Interpretations of Mahler
"The Score Contains Everything but the Essential"
Comparative listening is one of the ways that I, as a non-musician, increase my enjoyment of classical music. By comparing several different recordings of a particular work, or even certain passages within a work, I can learn a lot about the possibilities hidden within, of the many different ways to make manifest what is implied by the black marks on manuscript paper that constitute a musical score, that reveal the multiple meanings and variegated beauties of the music to the willing and engaged listener. This is an especially interesting exercise when the work in question is a Mahler symphony, in which interpretations can vary widely, indeed, radically. As the iconoclastic Romanian conductor, Sergiu Celibidache, liked to remark, Mahler himself asked, rhetorically: what is contained in a score? The answer: everything but the essential. And as Celibidache observed, beauty (in music or in any other art) is a bait: it hooks us, as it entices us into what lies beyond it, which is truth.
Listening to Gustav Mahler
But back to Mahler. Amongst iconic interpreters, we have the note perfect, icy cool Pierre Boulez at one end of the spectrum and the heart-on-sleeve, gut-wrenchingly emotional Leonard Bernstein at the other. Some conductors bring out the klezmer-like sound of the music, whereas others downplay it . It is thus a particular pleasure to compare, after many years, these two performances of the Mahler Fourth Symphony, performed by the NAC Orchestra. The first of the two was recorded by CBC microphones on October 21 – 22, 1987, with Gabriel Chmura conducting, and with Sylvia McNair as soloist. The second was recorded on April 10 – 11, 1996, conducted by Franz-Paul Decker, and with soloist Edith Mathis. I was at both performances, and recall enjoying each of them immensely at the time. But how do they compare, quite a few years later? For one thing, they occurred at two very different points in my concert-going experience. The Chmura concert was the very first time I had heard any Mahler symphony in concert, while I was living in Ottawa as an undergraduate student. When I heard the Decker performance, some nine years later, and I was recently returned to Ottawa, now as a professor, I had in my “inner ear”, so to speak, many years of concert listening in New York, Vienna, and elsewhere, and many fine Mahler performances that had shaped my expectations: memorable concerts led by conductors such as Solti, Tennstedt, Sinopoli, Abbado, and Rattle come immediately to mind. Thanks to this collaboration between the CBC and the NAC, I have had the opportunity to listen again, with great pleasure, to these two performances, and am happy to report that they stand up well under the scrutiny of careful and reflective re-hearing.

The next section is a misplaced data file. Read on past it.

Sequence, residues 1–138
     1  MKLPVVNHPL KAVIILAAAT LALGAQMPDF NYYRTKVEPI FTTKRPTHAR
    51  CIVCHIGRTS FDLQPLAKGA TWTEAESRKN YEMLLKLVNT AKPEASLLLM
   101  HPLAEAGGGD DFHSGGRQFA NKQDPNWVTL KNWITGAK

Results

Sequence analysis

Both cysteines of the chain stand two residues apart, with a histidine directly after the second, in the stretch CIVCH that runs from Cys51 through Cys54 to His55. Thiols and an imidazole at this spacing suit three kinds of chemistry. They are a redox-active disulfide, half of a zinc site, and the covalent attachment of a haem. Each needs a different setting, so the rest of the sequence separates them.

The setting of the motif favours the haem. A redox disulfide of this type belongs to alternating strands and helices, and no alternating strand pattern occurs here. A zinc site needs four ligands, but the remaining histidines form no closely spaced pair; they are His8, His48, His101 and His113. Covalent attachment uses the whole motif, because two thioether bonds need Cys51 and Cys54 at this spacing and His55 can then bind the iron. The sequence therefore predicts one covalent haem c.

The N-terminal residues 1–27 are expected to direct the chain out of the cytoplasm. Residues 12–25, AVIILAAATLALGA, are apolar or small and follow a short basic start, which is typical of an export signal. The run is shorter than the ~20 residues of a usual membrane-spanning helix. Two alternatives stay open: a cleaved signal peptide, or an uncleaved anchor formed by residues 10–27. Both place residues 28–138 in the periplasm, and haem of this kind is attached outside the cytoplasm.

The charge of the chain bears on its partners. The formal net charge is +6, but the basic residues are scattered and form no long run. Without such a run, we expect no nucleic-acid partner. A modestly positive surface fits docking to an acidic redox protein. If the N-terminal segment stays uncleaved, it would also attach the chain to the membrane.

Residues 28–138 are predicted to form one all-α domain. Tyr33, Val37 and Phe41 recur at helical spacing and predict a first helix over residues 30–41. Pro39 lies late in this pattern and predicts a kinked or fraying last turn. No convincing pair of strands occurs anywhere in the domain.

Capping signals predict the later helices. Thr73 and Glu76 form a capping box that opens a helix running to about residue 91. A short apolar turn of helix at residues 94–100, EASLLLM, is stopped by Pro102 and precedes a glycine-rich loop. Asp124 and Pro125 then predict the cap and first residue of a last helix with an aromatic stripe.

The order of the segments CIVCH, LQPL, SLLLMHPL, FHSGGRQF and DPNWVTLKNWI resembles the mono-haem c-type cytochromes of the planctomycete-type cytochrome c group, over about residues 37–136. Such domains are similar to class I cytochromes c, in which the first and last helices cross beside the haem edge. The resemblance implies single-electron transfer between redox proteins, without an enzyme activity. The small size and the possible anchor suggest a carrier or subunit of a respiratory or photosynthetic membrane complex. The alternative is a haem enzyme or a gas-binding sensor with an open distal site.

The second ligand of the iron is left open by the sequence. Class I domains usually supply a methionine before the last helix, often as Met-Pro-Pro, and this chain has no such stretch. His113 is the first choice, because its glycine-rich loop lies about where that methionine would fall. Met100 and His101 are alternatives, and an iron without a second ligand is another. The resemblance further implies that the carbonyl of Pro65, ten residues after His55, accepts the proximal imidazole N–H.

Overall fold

The Difference a Conductor Makes